Savage's Career In Tailspin

Fri. July 11, 2003 12:00 AM by

Controversial Host Pulled from MSNBC

Los Angeles, California - The list of radio stations that have suspended outspoken commentator Michael Savage is growing with the latest in the nation's second largest market.

Last Saturday Savage launched a homophobic tirade against a caller to his MSNBC cable TV show in which called the man "a sodomite" and told him: "Get AIDS and die, you pig." ( story)

NBC, which is a co-owner of MSNBC (website), immediately fired Savage.

Los Angeles radio station KRLA issued a statement Wednesday saying "if accurate, [Savage's remarks] are totally unacceptable to this station and its owner, Salem Communications Corp." What is surprising is Salem is a Christian broadcaster. Los Angeles is the second largest radio market in the country and the "suspension" will mean a sharp decline in the number of listeners to Savage's 'Savage Nation' show.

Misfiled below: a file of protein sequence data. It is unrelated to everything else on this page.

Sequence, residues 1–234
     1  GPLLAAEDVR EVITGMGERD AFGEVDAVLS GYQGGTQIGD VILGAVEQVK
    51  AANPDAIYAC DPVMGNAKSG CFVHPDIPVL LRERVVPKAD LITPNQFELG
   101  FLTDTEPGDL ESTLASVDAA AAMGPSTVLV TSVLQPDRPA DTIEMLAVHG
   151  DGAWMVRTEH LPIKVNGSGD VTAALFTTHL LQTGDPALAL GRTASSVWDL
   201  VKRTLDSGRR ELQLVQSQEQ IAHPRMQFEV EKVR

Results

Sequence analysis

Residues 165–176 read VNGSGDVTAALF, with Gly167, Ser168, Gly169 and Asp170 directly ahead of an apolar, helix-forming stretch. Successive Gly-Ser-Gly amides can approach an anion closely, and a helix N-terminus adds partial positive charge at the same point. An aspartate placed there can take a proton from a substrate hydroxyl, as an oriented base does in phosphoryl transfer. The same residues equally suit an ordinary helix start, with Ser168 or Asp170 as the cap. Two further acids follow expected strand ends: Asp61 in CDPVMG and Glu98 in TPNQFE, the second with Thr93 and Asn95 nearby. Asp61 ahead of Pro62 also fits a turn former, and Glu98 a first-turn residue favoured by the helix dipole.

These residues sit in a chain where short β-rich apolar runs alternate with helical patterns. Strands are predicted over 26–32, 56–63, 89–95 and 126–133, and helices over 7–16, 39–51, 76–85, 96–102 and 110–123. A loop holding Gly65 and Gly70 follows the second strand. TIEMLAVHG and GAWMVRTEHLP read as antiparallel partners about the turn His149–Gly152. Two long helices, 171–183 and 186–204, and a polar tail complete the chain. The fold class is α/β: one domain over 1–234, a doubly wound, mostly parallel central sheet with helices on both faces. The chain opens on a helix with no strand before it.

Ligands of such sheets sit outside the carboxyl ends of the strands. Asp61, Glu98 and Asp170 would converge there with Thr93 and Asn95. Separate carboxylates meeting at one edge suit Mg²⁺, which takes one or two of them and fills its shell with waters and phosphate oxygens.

Salem also announced it was shelving Savage at two of its other stations.

"We will only resume broadcast of his program if we are assured that an outrage of this type will not occur again," said Terry Fahy, the station's general manager in a statement.

Earlier this week Boston's WRKO became the first radio station to take Savage off the air.

Savage continues to be heard on 316 other stations across the country, but the furor which followed his MSNBC attack has led a number of stations to consider their position on carrying the program.

On Tuesday, Savage attempted to quell the uproar by issuing what he called an apology saying he had been set up by a left wing conspiracy. The Caller who was the target of Savage's attack turned out to be a prankster who often calls phone in shows with frivolous questions. (story)

Savage Nation is syndicated by Talk Radio Networks. Mike Lofrano, the company's chief operating officer was doing damage control this week offering stations assurances that outbursts like the one on the weekend would not be possible in radio because of a time-delay that gives producers time to hit the squelch button.

"It's never happened on the radio program, nor would it," Lofrano told the LA Times. "We're willing to give those assurances."

by Matt Johns Newscenter
Los Angeles Bureau
©® 2003

This article originally appeared on Republished with permission.